The Most Important Questions for Scientists to Ask About Advocacy
Summary of my talk yesterday in Leipzig, Germany
This week I am giving a couple lectures in Leipzig, Germany about advocacy by scientists and science organizations — a hot topic to be sure. Yesterday, I spoke at the German Center for Integrative Biodiversity Research (iDiv) and participated in a panel discussion after. It was fun and rewarding. Plus I met some really interesting people doing fascinating work.
The issue of advocacy by scientists has long been discussed and debated. The topic is also a focus on my book, The Honest Broker, after which this Substack was named. Over the past 15 years or so I’ve overserved a growing interest among scientists in having greater influence in policy and politics, and at the same time, the important of expertise in decision making has arguably grown in importance.
So there is a growing supply and demand for advocacy by scientists, even if some politicians see experts as unwelcome or inconvenient. But advocacy by scientists is not a simple do-it-or-don’t-do-it issue. Too often I see discussions of the issue reduce to a question of whether or not scientists (and the institutions they work in) should advocate. This question is trivial - Yes, of course they should! More important questions are why? and how? and with what consequences?
There are many ways in which an expert might advocate, and there are both positive and negative outcomes associated with different approaches in different contexts. I suggested that if one does not have a clear understanding of differences between advocacy’s potential for both positive and negative outcomes — for science, policy and politics — then one should probably develop such an understanding before jumping into the fray.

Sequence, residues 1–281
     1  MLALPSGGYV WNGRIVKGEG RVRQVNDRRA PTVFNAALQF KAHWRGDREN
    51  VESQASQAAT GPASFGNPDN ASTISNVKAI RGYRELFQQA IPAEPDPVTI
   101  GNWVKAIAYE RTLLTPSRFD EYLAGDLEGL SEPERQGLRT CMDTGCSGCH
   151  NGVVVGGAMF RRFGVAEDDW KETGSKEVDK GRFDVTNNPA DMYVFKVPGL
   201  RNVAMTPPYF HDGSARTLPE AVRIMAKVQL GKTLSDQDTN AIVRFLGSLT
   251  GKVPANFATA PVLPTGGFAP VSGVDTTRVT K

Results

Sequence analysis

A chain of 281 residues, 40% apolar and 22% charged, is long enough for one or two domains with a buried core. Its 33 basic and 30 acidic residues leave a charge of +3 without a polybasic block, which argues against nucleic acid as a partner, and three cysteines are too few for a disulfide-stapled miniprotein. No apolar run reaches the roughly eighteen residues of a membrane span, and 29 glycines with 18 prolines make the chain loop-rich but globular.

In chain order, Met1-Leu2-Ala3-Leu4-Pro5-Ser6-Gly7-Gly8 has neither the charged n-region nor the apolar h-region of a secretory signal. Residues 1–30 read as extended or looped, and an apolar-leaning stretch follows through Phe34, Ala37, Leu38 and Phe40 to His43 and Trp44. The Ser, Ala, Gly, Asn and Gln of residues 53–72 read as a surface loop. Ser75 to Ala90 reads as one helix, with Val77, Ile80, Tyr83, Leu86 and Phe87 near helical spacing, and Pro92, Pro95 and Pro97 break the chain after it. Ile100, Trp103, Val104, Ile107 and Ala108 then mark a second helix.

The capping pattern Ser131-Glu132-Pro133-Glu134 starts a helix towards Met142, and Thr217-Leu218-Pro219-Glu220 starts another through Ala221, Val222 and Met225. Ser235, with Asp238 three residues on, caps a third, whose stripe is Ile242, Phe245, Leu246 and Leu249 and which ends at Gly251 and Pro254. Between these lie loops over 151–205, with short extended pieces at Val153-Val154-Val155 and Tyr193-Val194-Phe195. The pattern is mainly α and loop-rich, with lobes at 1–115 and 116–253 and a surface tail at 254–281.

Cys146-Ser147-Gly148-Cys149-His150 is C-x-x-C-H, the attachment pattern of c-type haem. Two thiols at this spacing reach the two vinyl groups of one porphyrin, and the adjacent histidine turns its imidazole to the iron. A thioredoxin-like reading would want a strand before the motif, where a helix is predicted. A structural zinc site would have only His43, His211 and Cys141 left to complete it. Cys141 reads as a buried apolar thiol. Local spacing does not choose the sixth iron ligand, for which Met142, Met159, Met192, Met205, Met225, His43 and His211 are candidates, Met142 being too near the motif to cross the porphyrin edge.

My talk was thus not about providing answers but about navigating the complex and sometimes counterintuitive contexts of politics and science that make advocacy so challenging, risky and rewarding. Below share a few slides from my talk, and the full deck is downloadable after the jump for paid subscribers.
Here is how I started, title slide and starting point.
I observed that demands for advocacy in science are common, such as demands that scientists (and science organizations) advocate for science — typically meaning a call for increasing science budgets funded by the public. That used to be the main focus of science advocacy, but today we see experts and their institutions mobilizing for and against political candidates, parties and policies. We even see advocacy for and against media outlets, public figures and other scientists whose views are deemed politically unhelpful. Like I said, it is a complex territory.
I opened with my definition of “advocacy” — not for purposes of suggesting that anyone else need accept this definition, but rather, so that there is clarity about what I mean specifically when I use the term.
Here then is an outline of my talk.
It was a fun talk to give because of the discussion that ensued. It is taken from my ongoing work on the sequel to The Honest Broker, which is tentatively tilted The Honest Broker in Practice, with a focus on how to take the framework from an interesting set of tools and vocabularies for discussing these issues to the real world. Part of my sabbatical is being spent moving that project along, which you can follow in this SERIES: Making Sense of Science in Policy and Politics.
Paid subscribers can download all 33 slides from my talk as a PDF after the jump.
As always, comments, suggestions, questions, challenges, critique are always welcome here at The Honest Broker, and are appreciated — they help me to learn and to communicate better.